Chinese Crested Dog FCI Standard
The Chinese Crested is small hairless dog, which appeared as the result of selective experiments of Chinese breeders in the early XV century. Originally it became famous for its fabulous ratting skills but later on its gentle and responsive personality won the hearts of countless canine lovers from all over the world. For those who don’t like bold dogs there is the Powderpuff variety with soft, fine coat.
Presently, the origin of the Chinese Crested still remains the source of disputes. It’s said to have been developed either from the African or the Mexican hairless dog by Chinese who selectively bred one of these canine varieties down in size. Chinese seafarers took the breed members on their ships and entrusted them with managing the numbers of rodents who were the carriers of infectious diseases and parasites. Evidently enough they held their pets in high regard and imputed to them magic healing abilities. Chinese even occasionally utilised these dogs as living heating cushions and let them in their beds.
Furthermore Chinese Crested Dogs were much-treasured pets of both commoners and many Chinese emperors. Mariners sold puppies of the Chinese Crested to local traders at port cities. Thus, by the end of the XV century this dog became well-established in Mexico and other regions of Central and South America. Thanks to French, Portuguese and British explorers of XVII and the early XIX centuries, the Western world also got to know this breed. In the middle of the XIX the images of its specimens started to appear in lots of European paintings.
Throughout its history the Chinese Crested became known under various names including the Chinese Edible Dog, the Chinese Hairless, the Chinese Ship Dog, and the Chinese Royal Hairless.
The Chinese Crested was introduced to the community of American canine fanciers in the late XIX century. This charismatic and unusual dog sparkled interest in Ida Garrett, a beginning New York newspaper reporter, and she devoted over sixty years of her life to breeding and promotion of this breed in her homeland. She and Debra Woods of Homestead, Florida are the major contributors to its popularity in this country. The Chinese Crested attained official recognition of the American Kennel Club (AKC) in 1991. The United Kennel Club (UKC) included in in its studbooks in 1995. Today the vast majority of these dogs are companion animals although this breed occasionally but fairly successfully participates in agility and obedience trials.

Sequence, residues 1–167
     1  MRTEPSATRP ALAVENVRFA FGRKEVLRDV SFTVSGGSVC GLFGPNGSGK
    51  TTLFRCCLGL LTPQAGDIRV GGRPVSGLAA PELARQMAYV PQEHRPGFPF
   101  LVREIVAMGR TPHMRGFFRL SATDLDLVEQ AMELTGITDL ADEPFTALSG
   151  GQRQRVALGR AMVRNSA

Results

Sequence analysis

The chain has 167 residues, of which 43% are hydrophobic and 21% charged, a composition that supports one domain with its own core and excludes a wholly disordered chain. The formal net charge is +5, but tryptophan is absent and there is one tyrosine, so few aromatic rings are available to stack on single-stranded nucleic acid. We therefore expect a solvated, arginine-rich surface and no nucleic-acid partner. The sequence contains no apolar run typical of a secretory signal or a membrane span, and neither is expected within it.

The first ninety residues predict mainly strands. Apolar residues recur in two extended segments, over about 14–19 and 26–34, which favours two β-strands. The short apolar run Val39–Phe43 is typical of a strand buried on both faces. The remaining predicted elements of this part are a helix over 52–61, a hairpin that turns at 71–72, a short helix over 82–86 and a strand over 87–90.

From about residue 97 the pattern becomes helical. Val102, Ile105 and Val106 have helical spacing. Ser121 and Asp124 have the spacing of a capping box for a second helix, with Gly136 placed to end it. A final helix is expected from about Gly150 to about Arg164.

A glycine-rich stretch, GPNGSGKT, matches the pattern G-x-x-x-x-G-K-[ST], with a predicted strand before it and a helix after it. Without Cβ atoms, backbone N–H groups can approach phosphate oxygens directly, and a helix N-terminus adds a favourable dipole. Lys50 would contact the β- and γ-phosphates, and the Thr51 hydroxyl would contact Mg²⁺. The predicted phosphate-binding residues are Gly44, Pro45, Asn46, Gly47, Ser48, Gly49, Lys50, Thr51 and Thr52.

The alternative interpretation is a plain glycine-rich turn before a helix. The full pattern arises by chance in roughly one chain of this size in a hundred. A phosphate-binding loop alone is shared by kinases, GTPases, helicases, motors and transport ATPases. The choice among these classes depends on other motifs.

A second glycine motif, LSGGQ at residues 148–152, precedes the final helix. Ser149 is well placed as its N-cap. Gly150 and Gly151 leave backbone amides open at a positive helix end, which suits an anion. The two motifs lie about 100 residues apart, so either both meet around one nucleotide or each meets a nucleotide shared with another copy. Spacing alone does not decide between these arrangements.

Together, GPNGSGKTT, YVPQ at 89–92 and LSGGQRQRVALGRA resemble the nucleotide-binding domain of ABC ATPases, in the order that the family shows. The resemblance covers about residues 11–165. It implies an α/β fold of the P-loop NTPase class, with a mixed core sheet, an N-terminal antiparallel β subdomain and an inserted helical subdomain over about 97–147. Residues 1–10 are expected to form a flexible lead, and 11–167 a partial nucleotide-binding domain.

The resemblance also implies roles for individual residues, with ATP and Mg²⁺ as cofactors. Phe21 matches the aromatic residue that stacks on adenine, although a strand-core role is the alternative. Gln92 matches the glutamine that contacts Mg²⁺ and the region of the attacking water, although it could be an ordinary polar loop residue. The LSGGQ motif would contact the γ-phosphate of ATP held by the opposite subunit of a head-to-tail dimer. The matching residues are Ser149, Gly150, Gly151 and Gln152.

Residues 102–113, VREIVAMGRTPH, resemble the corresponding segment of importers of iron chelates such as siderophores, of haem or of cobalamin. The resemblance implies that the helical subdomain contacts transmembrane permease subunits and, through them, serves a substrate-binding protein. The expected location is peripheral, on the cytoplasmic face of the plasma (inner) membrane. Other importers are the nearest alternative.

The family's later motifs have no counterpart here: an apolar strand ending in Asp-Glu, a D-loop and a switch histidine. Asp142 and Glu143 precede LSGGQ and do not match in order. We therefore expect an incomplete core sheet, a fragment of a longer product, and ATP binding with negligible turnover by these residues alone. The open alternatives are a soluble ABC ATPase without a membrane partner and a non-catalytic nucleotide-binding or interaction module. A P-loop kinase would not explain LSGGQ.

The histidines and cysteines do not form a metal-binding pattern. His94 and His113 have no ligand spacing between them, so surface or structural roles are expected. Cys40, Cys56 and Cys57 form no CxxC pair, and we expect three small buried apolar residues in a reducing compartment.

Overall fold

Affectionate, gentle and faithful, the Chinese Crested does extremely well in the role of a companion animal. It tends to get attached to its masters in such a way that it takes any long separation with them very hard. If you have to abandon this dog at home regularly and for any considerable amount of time it is most likely not the best breed for you. In general this breed is amicable with children and less snappy then other miniature canine varieties. However this dog has a fragile body so it shouldn’t be left alone with too small children who can accidentally injure it.
The Chinese Crested usually behaves itself warily and standoffishly in the presence of strange people. This dog is much more prone to suffer from such issues as shyness and fearfulness than aggressiveness. Early and many-sided socialisation will help to prevent the development of majority of these negative tendencies in the dogs’ character. Although it’s quite capable of announcing the arrival of a guest with its ringing voice this breed doesn’t express much interest to defending its territory and can’t be trusted with the duties of a guardian. Some of these canines become reliable watchers while others display complete indifference to this task.